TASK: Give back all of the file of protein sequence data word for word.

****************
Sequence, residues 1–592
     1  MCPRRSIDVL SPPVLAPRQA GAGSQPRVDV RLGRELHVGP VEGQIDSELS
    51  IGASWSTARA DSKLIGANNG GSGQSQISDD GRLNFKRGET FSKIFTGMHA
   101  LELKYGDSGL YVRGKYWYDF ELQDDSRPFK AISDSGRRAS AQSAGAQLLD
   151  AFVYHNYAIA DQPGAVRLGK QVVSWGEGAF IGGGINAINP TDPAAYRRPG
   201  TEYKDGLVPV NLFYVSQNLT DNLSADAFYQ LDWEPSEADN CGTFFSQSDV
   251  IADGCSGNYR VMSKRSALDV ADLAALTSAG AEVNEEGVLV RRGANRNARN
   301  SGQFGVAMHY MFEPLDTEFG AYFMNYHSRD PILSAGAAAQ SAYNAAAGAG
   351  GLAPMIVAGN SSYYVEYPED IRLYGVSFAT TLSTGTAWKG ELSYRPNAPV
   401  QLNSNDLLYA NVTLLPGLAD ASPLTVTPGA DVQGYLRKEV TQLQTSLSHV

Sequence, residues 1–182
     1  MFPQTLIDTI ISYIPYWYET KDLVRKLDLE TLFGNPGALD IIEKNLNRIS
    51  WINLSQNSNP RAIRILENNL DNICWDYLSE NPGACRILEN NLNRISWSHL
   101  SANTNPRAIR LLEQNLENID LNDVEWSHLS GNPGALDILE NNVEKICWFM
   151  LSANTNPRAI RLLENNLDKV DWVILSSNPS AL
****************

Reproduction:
Sequence, residues 1–592
     1  MCPRRSIDVL SPPVLAPRQA GAGSQPRVDV RLGRELHVGP VEGQIDSELS
    51  IGASWSTARA DSKLIGANNG GSGQSQISDD GRLNFKRGET FSKIFTGMHA
   101  LELKYGDSGL YVRGKYWYDF ELQDDSRPFK AISDSGRRAS AQSAGAQLLD
   151  AFVYHNYAIA DQPGAVRLGK QVVSWGEGAF IGGGINAINP TDPAAYRRPG
   201  TEYKDGLVPV NLFYVSQNLT DNLSADAFYQ LDWEPSEADN CGTFFSQSDV
   251  IADGCSGNYR VMSKRSALDV ADLAALTSAG AEVNEEGVLV RRGANRNARN
   301  SGQFGVAMHY MFEPLDTEFG AYFMNYHSRD PILSAGAAAQ SAYNAAAGAG
   351  GLAPMIVAGN SSYYVEYPED IRLYGVSFAT TLSTGTAWKG ELSYRPNAPV
   401  QLNSNDLLYA NVTLLPGLAD ASPLTVTPGA DVQGYLRKEV TQLQTSLSHV

Sequence, residues 1–182
     1  MFPQTLIDTI ISYIPYWYET KDLVRKLDLE TLFGNPGALD IIEKNLNRIS
    51  WINLSQNSNP RAIRILENNL DNICWDYLSE NPGACRILEN NLNRISWSHL
   101  SANTNPRAIR LLEQNLENID LNDVEWSHLS GNPGALDILE NNVEKICWFM
   151  LSANTNPRAI RLLENNLDKV DWVILSSNPS AL